One of my favorite blogs
happens to be local to me. Eric Berger, the Houston Chronicle's "SciGuy" usually reports on the weather
. But he also posts entertaining and serious stuff as well. [more inside]
posted by PapaLobo
on Nov 22, 2011 -
Carl Sagan famously said that we are all made of star stuff
. In his vision the basic building blocks of life were jettisoned into interstellar space by the massive explosions of stars going supernova. Now scientists from Hong Kong University have claimed
that the results of their latest study
(paywall), published in Nature, indicate that stars can create complex organic compounds on the very short timescale of weeks. [more inside]
posted by AElfwine Evenstar
on Oct 27, 2011 -
A team of astronomers monitoring data from the Kepler,
a craft designed to identify potenially habitable stars, have just announced today that they have located one orbiting a double star system
(NYT Link). Early data suggests it's a gaseous planet, but it is also within the range considered "sustainable for life". Still, if there's no life there, Kepler's got over a thousand
other exoplanets to check out.
Officially, the newly-discovered planet is named "Kepler 16b," but astronomers have already nicknamed it "Tatooine"
posted by EmpressCallipygos
on Sep 15, 2011 -
, first observed by Galileo, normally follow an 11-year cycle. We are into a few years into (recorded) cycle number 24 but according to NASA it's looking rather underpowered
. Nobody is certain exactly what the consequences will be, but one distinct possibility is a cold period
; a previous low in solar activity, the Maunder minimum
, is correlated with a brief Little Ice Age
. Nobody really knows how this unusual solar weather pattern might interact with human-caused climate change. Previously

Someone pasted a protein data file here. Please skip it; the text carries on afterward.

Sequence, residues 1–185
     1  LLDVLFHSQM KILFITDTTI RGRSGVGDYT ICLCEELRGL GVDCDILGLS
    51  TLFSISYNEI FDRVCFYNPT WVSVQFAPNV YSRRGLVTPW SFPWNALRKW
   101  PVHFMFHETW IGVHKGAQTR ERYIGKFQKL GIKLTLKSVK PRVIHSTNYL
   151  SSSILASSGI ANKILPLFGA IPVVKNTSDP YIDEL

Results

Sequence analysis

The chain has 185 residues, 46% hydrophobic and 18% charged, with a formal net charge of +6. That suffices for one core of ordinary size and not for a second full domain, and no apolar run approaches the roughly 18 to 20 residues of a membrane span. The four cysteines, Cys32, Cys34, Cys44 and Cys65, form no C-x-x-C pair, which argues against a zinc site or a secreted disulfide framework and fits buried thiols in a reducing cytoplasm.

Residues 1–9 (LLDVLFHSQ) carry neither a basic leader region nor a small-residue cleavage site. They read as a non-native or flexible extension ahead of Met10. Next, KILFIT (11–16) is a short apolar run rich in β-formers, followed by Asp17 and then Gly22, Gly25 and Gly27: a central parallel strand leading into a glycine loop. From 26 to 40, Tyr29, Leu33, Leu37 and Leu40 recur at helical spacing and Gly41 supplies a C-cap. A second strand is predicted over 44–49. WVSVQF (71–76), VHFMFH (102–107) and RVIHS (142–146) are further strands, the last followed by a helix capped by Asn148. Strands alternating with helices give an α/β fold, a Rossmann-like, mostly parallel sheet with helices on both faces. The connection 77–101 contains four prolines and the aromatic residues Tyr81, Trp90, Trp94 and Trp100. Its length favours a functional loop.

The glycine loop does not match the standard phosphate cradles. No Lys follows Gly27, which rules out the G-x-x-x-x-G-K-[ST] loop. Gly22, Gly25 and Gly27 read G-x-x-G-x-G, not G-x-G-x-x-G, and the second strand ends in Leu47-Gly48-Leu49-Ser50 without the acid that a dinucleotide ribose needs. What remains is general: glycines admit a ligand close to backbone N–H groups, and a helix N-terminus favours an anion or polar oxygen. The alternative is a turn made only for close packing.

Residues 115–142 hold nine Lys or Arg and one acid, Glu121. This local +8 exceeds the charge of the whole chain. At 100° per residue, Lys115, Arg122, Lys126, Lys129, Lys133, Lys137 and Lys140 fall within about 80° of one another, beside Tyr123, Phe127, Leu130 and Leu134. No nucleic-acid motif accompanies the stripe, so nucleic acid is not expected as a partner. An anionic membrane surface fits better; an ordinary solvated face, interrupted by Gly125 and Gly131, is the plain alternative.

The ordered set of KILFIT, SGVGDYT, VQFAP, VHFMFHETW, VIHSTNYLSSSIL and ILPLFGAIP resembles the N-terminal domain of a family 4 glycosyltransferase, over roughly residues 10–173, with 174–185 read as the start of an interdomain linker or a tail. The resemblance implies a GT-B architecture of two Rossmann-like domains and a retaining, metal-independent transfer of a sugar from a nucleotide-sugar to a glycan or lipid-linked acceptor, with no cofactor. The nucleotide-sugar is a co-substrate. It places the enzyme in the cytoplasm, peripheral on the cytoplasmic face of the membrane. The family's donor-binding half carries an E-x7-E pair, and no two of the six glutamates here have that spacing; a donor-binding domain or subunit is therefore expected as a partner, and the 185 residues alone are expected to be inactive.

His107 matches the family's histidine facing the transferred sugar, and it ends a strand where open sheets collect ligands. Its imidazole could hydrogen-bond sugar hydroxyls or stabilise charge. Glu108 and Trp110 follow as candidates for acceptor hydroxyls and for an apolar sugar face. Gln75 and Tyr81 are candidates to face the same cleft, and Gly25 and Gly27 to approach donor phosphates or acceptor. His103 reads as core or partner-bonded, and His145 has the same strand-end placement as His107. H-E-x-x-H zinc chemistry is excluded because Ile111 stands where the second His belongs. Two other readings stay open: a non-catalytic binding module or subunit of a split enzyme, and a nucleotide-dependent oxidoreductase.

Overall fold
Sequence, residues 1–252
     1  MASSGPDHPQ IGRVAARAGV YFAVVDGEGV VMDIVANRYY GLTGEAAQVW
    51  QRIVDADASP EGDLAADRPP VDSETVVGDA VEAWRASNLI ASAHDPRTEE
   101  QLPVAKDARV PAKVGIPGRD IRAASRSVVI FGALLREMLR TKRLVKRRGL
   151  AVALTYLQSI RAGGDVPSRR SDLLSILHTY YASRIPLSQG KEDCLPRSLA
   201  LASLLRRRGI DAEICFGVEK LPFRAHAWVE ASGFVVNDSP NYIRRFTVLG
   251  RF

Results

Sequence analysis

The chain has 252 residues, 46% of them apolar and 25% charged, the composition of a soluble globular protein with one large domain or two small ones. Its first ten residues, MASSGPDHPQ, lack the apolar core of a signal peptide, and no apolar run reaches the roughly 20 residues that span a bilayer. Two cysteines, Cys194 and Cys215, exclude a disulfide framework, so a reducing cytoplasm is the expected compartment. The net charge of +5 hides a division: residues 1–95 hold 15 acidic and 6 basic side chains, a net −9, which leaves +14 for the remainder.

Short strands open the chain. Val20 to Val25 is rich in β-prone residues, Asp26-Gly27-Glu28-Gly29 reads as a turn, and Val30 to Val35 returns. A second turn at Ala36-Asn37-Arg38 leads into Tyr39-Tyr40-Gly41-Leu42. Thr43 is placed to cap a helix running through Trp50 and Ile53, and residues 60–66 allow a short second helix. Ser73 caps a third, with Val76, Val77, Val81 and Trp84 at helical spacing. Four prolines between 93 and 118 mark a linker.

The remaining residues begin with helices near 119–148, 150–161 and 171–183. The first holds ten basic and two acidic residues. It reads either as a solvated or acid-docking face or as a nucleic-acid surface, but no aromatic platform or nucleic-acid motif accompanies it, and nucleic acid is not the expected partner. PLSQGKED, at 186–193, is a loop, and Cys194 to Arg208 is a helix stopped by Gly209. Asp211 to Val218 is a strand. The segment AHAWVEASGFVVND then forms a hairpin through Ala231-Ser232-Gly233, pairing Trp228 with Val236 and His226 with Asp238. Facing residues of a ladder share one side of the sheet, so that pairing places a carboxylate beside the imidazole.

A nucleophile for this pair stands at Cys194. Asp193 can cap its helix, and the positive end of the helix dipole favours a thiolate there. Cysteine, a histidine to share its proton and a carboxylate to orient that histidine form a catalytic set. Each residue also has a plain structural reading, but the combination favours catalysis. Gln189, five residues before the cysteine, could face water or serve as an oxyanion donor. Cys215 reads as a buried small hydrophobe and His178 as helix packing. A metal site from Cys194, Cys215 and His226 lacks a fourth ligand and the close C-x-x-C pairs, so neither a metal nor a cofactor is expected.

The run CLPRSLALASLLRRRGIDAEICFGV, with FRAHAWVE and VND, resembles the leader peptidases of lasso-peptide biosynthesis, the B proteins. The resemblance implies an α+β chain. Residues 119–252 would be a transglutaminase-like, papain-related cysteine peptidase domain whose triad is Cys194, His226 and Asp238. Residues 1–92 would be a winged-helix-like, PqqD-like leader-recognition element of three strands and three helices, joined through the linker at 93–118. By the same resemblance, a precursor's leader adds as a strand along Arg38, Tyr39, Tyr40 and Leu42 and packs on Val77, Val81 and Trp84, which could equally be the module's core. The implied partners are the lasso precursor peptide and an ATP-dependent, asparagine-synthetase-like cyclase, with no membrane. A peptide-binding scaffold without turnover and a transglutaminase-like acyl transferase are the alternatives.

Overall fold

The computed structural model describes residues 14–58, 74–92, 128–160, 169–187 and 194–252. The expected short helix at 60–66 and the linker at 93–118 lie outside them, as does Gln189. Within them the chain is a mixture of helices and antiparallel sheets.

, albeit somewhat controversially.
posted by anigbrowl
on Jun 14, 2011 -
have just published a paper entitled "Gliese 581d is the 1st discovered terrestrial-mass exoplanet in the habitable zone", claiming that their computer model suggests the exoplanet
"will have a stable atmosphere and surface liquid water for a wide range of plausible cases."
We've discovered a lot
of exoplanets. And there are a lot
to help you keep track. Previously.
posted by Ipsifendus
on May 26, 2011 -
El Tiede: The Mountain.
A timelapse of shots taken from the El Tiede mountain, known for being an excellent site for astrological observations. Includes a timelapse of the Milky Way, as seen through a sandstorm coming off from the Sahara Desert. (SLYT)
posted by flibbertigibbet
on Apr 16, 2011 -
In 2009, to mark the 400th anniversary of Galileo first turning a telescope skywards, Radio New Zealand National, in partnership with the Royal Society of New Zealand, released this kickin' series of five lectures spanning the evolution of cosmology, extra-solar planets, near-earth objects, the nascent field of neutrino astronomy and prospects for the future as the Square Kilometre Array radio telescope comes online early in the next decade. It's a great listen and best of all, it's free to download as MP3 or Ogg Vorbis!
posted by treyka
on Apr 14, 2011 -
Where's Tyche, the 10th 9th planet? Getting the full story.
John Matese and Daniel Whitmire of the University of Louisiana at Lafayette recently made the news when they announced the possible discovery of a gas giant planet they named Tyche
in the Oort Cloud, at the extreme edge of the Solar System (previously
). Now ars electronica breaks down the evidence behind the announcement, what can be done to confirm or disprove its existence & how long it could take.
posted by scalefree
on Mar 3, 2011 -